Economic Botany

, Volume 52, Issue 1, pp 44–56 | Cite as

Ectomycorrhizal fungi with edible fruiting bodies 2.Boletus edulis

  • I. R. Hall
  • A. J. E. Lyon
  • Y. Wang
  • L. Sinclair
Article

Abstract

Boletus edulis sensu lato (penny bun mushroom, cep, cèpe de Bordeaux, porcino, Steinpilz) is a complex of at least five species (or sub-species) of mycorrhizal fungi which grow primarily with hosts in Fagaceae, Pinaceae, and Betulaceae. They occur in a wide variety of habitats throughout the Northern Hemisphere and have been accidentally introduced into South Africa and New Zealand. The fruiting bodies have a very strong flavor and are widely used both commercially and domestically, particularly in Europe and North America. The vegetation, climate, and soils where B. edulis grows and methods that have been used in unsuccessful attempts to cultivate it are described.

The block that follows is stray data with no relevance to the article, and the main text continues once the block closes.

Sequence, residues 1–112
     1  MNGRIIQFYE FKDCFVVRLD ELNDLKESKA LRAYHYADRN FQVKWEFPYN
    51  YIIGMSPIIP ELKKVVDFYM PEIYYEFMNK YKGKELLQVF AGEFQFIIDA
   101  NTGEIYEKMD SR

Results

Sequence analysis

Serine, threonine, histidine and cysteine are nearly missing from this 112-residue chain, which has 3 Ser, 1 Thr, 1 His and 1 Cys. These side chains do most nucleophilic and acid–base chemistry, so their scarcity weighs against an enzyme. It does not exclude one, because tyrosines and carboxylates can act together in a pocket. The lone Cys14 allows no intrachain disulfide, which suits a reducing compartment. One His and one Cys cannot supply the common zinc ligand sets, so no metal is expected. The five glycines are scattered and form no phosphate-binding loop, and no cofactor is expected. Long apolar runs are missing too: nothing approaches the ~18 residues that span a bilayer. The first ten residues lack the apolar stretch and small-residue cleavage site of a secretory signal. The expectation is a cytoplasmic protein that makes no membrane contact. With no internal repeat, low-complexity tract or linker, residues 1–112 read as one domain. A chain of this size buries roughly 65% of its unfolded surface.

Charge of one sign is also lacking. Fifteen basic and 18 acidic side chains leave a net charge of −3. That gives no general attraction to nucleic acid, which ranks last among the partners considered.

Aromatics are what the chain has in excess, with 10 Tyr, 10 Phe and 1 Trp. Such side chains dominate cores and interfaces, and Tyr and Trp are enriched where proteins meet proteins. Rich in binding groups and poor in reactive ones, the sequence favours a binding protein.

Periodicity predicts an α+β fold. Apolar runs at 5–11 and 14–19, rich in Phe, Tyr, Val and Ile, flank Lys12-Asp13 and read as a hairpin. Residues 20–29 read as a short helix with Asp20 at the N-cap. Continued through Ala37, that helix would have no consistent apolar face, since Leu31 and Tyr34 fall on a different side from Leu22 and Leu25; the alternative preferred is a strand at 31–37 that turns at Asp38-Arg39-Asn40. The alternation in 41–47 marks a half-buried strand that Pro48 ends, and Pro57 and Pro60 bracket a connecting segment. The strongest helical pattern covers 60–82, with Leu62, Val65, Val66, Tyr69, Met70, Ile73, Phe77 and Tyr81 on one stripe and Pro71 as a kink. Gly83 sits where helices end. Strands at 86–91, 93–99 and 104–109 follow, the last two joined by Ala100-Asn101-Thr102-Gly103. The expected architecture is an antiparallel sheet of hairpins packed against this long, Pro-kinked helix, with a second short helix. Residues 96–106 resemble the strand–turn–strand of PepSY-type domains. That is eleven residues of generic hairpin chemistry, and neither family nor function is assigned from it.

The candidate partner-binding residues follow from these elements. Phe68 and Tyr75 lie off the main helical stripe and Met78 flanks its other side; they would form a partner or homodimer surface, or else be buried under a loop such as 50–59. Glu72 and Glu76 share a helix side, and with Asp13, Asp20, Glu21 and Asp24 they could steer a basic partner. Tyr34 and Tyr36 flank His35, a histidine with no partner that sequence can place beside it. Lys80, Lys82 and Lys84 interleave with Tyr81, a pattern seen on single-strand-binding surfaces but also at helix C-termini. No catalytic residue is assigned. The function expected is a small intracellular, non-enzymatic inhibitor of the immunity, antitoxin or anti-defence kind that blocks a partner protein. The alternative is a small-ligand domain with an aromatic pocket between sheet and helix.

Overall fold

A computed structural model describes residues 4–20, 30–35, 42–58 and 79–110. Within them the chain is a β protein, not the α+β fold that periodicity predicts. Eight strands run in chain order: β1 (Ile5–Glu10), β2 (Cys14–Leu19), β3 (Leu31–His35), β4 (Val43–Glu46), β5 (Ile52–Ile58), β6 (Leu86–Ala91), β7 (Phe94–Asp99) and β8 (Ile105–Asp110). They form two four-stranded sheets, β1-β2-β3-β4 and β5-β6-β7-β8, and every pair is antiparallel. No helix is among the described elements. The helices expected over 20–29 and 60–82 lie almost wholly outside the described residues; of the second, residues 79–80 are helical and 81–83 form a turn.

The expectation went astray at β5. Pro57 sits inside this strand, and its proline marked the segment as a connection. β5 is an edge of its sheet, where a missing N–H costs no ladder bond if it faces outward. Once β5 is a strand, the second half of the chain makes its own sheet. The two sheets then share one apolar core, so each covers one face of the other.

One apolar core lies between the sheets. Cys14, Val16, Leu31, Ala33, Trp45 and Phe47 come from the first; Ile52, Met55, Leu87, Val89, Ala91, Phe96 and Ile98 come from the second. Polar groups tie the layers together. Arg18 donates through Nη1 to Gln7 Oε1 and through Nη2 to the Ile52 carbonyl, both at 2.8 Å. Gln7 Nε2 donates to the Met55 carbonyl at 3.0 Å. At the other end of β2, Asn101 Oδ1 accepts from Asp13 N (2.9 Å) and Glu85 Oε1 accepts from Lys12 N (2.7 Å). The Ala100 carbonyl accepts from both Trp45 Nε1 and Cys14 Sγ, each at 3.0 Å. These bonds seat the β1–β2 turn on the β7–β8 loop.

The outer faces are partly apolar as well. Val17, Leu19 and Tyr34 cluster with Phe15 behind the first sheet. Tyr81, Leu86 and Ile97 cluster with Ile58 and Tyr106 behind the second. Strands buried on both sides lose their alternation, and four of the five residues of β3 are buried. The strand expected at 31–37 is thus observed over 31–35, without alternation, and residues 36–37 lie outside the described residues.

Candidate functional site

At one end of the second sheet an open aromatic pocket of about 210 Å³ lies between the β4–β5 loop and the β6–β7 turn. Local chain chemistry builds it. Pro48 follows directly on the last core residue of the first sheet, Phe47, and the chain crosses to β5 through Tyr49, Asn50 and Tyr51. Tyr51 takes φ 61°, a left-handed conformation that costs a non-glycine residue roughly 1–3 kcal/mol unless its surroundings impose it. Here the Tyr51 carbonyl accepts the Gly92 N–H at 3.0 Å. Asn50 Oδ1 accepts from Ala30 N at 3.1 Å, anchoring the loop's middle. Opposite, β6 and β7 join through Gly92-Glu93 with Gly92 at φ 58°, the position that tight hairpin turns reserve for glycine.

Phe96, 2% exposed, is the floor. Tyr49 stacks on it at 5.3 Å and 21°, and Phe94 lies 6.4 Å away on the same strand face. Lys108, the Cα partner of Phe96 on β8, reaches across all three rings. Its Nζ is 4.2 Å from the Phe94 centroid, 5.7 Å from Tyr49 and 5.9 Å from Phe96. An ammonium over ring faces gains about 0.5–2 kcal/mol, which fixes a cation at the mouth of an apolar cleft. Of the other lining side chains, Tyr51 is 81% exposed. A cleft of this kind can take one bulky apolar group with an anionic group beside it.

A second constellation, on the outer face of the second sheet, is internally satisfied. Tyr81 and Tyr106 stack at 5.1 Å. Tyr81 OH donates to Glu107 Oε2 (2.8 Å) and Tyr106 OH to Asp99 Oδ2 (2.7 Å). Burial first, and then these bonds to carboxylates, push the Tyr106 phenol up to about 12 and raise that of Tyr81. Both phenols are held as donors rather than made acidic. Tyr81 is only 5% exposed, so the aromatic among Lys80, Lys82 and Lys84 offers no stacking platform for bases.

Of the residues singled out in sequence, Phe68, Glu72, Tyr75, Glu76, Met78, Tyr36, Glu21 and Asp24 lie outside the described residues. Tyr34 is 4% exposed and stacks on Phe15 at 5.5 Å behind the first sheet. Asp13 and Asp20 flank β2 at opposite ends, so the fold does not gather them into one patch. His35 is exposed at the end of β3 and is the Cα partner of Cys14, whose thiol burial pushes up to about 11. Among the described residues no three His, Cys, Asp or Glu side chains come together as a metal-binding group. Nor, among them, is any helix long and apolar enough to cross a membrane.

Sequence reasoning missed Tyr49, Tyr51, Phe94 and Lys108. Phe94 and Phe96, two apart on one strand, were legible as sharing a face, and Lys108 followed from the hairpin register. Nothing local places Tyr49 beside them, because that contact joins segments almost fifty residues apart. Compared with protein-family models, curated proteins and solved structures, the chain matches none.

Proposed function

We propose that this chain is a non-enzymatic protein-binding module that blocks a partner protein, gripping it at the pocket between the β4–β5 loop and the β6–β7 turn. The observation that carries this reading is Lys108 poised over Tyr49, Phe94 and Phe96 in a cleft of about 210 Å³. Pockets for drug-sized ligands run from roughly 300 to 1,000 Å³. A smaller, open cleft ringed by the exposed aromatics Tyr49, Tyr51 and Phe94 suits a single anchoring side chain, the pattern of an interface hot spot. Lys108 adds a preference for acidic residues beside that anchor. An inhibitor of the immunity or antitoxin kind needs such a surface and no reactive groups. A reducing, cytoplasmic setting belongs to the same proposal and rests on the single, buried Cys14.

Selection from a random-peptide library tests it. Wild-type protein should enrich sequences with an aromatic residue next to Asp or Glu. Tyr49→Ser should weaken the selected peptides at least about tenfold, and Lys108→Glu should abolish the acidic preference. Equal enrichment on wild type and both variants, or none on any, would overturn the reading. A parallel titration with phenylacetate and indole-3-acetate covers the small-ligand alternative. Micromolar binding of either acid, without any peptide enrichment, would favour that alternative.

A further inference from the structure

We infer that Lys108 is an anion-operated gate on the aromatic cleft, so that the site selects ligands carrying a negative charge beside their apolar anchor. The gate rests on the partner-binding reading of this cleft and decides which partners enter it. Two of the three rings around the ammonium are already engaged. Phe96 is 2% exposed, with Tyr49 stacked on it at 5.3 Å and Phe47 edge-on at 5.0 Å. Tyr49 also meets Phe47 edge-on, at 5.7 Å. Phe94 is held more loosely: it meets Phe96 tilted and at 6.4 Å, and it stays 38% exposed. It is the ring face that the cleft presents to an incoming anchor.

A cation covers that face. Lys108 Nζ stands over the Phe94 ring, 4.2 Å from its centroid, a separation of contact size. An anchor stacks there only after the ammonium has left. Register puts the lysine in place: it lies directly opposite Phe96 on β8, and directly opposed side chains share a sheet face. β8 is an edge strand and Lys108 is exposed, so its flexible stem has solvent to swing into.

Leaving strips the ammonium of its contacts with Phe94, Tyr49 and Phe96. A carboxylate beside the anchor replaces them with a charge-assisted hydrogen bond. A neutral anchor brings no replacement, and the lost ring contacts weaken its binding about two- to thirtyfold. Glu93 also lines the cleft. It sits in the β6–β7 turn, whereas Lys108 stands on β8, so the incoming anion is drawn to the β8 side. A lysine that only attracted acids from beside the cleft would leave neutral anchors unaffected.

Key Words

mycorrhiza fungus Boletus edulis ecology cultivation 

Hongos ectomicorrizicos con cuerpos fructiferos comestibles, 2. Boletus edulis

Résumé

Boletus edulis sensu lato (champiñón, penny bun mushroom, cep, cèpe de Bordeaux, porcino, Steinpilz) es un complejo de por lo menos cinco especies (o subespecies) de hongos micorrízicos que se crían principalmente sobre hospedadores en las familias Fagaceae, Pinaceae y Betulaceae. Se encuentran en una gran variedad de hábitats a través del Hemisferio Norte y han sido accidentalmente introducidos a Sud Africa y Nueva Zelandia. Los cuerpos fructíferos tienen un sabor muy fuerte y son ampliamente utilizados tanto comercial como domésticamente, particularmente en Europa y Norte América. Se describen la vegetación, clima y suelos donde crece B. edulis y los métodos utilizados en intentos fallidos para cultivarlo.

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Copyright information

© New York Botanical Garden, Bronx, NY 10458 U.S.A 1998

Authors and Affiliations

  • I. R. Hall
    • 1
  • A. J. E. Lyon
    • 2
  • Y. Wang
    • 3
  • L. Sinclair
    • 3
  1. 1.New Zealand Institute for Crop & Food Research LimitedInvermay Agricultural CentreMosgielNew Zealand
  2. 2.Department of Animal and Plant SciencesUniversity of SheffieldSheffieldUK
  3. 3.New Zealand Institute for Crop & Food Research LimitedInvermay Agricultural CentreMosgielNew Zealand

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